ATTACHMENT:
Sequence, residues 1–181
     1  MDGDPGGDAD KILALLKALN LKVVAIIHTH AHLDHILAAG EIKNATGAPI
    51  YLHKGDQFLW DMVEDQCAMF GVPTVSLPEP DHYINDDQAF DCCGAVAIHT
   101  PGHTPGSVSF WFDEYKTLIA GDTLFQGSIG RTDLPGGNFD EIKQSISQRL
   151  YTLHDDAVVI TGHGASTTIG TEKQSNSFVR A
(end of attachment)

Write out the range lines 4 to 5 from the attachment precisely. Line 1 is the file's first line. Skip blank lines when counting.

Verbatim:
   101  PGHTPGSVSF WFDEYKTLIA GDTLFQGSIG RTDLPGGNFD EIKQSISQRL
   151  YTLHDDAVVI TGHGASTTIG TEKQSNSFVR A